Quasi-distributed optical fibre strain sensors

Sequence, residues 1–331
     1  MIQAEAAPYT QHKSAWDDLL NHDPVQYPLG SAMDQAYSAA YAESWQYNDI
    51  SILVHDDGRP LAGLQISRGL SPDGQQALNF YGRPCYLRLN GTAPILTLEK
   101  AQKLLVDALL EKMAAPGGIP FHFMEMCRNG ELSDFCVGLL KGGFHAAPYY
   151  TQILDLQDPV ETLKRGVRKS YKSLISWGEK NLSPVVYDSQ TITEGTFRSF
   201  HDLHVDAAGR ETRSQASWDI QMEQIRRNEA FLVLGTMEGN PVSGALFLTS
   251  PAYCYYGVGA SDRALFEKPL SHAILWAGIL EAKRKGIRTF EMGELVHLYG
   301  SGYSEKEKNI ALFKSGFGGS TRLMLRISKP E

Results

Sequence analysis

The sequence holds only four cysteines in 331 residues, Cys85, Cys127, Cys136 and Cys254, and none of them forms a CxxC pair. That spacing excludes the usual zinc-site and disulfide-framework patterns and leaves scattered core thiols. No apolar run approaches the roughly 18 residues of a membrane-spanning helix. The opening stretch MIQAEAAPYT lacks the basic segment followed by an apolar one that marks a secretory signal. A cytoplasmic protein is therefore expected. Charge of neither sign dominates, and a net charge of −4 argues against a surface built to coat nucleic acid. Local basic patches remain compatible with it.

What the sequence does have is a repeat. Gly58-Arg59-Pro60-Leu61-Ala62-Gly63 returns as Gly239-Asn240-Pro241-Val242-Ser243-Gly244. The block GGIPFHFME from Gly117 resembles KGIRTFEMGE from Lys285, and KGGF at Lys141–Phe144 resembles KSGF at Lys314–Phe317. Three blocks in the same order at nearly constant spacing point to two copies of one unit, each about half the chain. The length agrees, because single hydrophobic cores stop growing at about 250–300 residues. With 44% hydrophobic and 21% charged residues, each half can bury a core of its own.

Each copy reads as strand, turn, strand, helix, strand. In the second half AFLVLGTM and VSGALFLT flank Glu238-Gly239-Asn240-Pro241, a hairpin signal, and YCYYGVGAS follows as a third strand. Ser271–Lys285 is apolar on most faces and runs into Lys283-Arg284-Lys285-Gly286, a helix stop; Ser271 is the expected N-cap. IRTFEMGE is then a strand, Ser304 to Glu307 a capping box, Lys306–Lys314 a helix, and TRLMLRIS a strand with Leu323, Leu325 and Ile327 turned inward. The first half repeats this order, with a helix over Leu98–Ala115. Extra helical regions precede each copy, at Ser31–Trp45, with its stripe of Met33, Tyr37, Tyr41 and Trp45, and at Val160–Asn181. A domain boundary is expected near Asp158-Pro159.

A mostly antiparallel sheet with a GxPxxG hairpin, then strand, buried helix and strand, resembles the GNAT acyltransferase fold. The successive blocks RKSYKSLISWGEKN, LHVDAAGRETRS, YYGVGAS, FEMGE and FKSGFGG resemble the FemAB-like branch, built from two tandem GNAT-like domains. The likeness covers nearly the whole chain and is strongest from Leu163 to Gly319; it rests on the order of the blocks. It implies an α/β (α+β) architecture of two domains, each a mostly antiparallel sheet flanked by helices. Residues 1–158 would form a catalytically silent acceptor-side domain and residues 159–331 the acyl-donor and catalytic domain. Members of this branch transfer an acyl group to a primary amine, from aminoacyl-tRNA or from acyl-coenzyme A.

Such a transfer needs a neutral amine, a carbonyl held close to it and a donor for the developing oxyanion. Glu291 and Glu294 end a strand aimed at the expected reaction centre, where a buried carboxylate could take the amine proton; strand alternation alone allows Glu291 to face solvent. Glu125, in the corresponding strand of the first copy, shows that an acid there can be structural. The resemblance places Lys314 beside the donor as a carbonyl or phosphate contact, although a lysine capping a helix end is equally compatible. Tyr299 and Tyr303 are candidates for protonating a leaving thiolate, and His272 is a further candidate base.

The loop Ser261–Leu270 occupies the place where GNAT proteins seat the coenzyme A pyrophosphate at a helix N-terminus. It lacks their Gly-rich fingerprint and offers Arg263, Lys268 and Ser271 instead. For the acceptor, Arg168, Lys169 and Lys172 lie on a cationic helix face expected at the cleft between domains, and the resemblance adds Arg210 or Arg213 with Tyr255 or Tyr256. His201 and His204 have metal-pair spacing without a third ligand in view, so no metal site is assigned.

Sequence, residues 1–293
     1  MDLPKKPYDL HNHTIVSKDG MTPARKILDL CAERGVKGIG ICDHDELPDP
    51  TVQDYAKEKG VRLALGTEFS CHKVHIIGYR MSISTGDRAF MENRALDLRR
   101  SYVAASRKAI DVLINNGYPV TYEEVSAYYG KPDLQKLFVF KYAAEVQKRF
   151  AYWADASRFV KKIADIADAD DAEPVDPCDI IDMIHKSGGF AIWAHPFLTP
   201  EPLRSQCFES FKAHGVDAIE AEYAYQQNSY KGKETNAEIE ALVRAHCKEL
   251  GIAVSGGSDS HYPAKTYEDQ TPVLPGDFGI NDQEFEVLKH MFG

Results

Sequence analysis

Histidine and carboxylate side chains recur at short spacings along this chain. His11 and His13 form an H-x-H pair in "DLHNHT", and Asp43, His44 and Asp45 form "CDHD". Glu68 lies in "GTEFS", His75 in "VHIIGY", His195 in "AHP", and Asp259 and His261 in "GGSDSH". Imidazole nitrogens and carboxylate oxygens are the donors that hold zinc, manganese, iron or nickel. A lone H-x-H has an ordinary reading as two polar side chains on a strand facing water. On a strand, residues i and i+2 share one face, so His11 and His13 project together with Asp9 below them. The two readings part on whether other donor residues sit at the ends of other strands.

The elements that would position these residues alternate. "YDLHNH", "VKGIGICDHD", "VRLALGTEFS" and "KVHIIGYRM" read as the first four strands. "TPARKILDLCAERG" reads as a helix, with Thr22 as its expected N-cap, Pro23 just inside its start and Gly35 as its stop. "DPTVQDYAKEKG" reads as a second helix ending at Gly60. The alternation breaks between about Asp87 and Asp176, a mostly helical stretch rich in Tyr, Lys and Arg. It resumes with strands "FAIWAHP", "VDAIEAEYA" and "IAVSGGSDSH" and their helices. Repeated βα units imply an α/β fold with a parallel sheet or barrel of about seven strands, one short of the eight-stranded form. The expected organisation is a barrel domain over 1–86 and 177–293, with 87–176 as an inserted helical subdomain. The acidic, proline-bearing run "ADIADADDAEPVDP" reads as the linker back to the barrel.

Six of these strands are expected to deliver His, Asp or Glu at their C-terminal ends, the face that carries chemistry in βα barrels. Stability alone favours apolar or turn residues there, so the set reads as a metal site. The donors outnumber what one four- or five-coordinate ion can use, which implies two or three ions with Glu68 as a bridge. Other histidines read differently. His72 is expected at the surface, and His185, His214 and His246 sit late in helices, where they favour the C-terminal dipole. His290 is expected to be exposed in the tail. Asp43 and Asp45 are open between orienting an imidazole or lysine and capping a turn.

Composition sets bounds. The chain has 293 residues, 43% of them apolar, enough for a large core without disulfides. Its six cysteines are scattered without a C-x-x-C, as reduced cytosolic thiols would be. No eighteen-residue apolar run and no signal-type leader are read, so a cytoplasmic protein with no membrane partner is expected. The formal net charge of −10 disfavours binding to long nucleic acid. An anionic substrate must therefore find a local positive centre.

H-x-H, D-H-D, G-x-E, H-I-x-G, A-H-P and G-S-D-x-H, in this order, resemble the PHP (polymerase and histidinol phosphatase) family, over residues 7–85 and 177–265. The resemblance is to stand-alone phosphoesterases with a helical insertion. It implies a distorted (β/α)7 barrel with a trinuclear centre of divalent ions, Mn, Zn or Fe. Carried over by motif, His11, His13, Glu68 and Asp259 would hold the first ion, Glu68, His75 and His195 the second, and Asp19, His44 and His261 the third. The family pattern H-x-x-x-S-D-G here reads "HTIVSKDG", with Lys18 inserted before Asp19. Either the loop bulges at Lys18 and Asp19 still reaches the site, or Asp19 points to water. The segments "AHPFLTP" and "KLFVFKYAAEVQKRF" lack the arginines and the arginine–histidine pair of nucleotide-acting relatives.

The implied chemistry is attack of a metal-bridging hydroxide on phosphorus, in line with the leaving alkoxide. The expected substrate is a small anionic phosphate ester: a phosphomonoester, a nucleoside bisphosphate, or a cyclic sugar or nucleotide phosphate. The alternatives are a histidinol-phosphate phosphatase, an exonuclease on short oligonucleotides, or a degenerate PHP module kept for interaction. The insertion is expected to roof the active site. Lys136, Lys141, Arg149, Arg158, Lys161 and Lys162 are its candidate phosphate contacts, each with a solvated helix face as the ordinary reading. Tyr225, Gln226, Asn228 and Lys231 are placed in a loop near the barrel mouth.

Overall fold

This thesis presents for the first time two complementary techniques to monitor the optical path length in optical fibre over both long and short sensing lengths. Both techniques may be used to measure the physical environment of the optical fibre, in particular strain and temperature, and are suitable for multiplexed operation. Signal-to-noise analysis shows that current optical time domain reflectometry (OTDR) systems do not fully exploit the spatial resolution theoretically available. A new OTDR technique exploits the theoretical findings to monitor the range of reflective markers in an optical fibre. Measuring strain in fibre sections of several metres is demonstrated. 100?m spatial resolution has been achieved with a pulse duration equivalent to 1 m fibre length and within one second measurement time. The first fibre Bragg grating interrogation system using an acousto-optic tunable filter (AOTF) is described. The interrogation system locks the AOTF wavelength to the wavelength of a selected grating. Measuring the frequency of the AOTF control signal provides an accurate measurement of the grating wavelength. A detailed system analysis is presented to enable the optimisation of system parameters. A wavelength resolution corresponding to 0.4 microstrain is achieved within 0.1sec measurement time, close to the resolution predicted by the system model. This technique allows the use of fibre gratings as sensors for the measurement of both quasi-static and dynamic strains. The combination of the two systems facilitate the utilisation of optical fibre to monitor a structure both over a few metres and at critical points. Both sensor types offer new measurement possibilities as embedded structure monitors, for example for in-service health and usage monitoring or as nerves for active control of smart structures.